- Château Cheval Blanc
- St Emilion
- Cabernet Franc / Merlot
- 2023 - 2050
- Case size
Goedhuis, February 2019,
Bright fresh aromas of dark currant fruits and hints of freshly baled hay. This is an absolute beauty, full of charm and harmony, expressing poise, balance and great distinction. The tannic structure sitting underneath, provides an energetic tightness, making it a wonderfully complete wine. It oozes class and the flavours continue for an eternity. A great wine in the making.
Goedhuis, April 2010,
A very classy Cheval Blanc, balancing grace with power. Full of natural wild berry fruit flavours, the initial delicacy and grace is substantiated by subtle levels of power and intensity to create an almost majestic sensation on the finish. This is a wine of huge potential and highlights the strength of fruit and flavours for this fine vintage.
Robert Parker, February 2012,
It will be fascinating to follow the evolution of the 2009 Cheval Blanc versus the 2010 as well as the awesome 2005, 2000, 1998 and 1990. This famous estate’s vineyard is situated at the juncture of Pomerol and the sandy, gravelly soils of St.-Emilion, facing the two noble estates of l’Evangile and La Conseillante. A blend of 60% Merlot and 40% Cabernet Franc, the 2009 Cheval Blanc tips the scales at just under 14% natural alcohol. Its dense blue/purple color is accompanied by an extraordinary nose of incense, raspberries, cassis, sweet forest floor and a subtle hint of menthol. Opulent and full-bodied with low acidity but no sense of heaviness, this dense, unctuously textured, super-smooth, velvety, pure, profound Cheval Blanc is impossible to resist despite its youthfulness. Anticipated maturity: 2018-2050+.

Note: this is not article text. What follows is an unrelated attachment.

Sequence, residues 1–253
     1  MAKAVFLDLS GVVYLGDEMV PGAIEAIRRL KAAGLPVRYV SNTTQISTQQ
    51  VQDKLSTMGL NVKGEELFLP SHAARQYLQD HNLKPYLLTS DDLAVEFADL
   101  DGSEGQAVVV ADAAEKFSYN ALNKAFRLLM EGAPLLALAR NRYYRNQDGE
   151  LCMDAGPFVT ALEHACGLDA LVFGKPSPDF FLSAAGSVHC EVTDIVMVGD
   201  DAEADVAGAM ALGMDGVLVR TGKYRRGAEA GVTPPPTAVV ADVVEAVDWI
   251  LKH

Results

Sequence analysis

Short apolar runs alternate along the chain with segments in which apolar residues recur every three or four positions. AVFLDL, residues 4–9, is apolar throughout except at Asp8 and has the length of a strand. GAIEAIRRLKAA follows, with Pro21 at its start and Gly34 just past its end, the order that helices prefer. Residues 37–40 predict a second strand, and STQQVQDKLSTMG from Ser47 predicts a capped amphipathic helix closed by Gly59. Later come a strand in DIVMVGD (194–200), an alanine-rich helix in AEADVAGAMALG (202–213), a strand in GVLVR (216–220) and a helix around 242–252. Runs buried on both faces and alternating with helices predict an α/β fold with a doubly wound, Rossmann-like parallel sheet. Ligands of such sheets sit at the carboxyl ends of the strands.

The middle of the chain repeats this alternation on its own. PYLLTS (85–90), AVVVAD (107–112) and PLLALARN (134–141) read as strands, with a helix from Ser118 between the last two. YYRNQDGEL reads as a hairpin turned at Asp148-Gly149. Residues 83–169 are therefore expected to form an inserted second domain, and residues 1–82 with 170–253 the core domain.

Robert Parker, April 2010,
The harvest for the 2009 Cheval Blanc began in mid-September and finished on October 8. One of this estate's greatest wines, the 2009 (58% Merlot and 42% Cabernet Franc) came in at 13.5% naturalalcohol (some lots were as high as 14.5%). The wine exhibits sumptuous aromatics of subtle menthol intermixed with caramel, black raspberries, mulberries, kirsch, and cassis. With a stupendous opulence and a fleshy mouthfeel, but no heaviness or fatigue, this dense wine is staggeringly concentrated, very full-bodied, powerful, and silky smooth. Irresistible already, it is almost frightening to think how compelling this beauty should be in a few years. Drink: 2015 - 2050
Decanter, February 2019,
A profoundly generous wine with coffee grounds and patisserie notes revealing grilled oak that's subtle but extremely pleasing. The quality of the tannins is exceptional - they are drawn out, elongated and shrouded in smoke. Layer upon layer of complexity unfurls in the mouth, getting better and better, with tons of juicy black fruit. The liquorice is black and tight on the perfectly balanced finish right now, with sprinkles of star anise and a gentle lift of fresh mint. Give it a good few years before opening. Drink 2022-2046
Decanter, April 2010,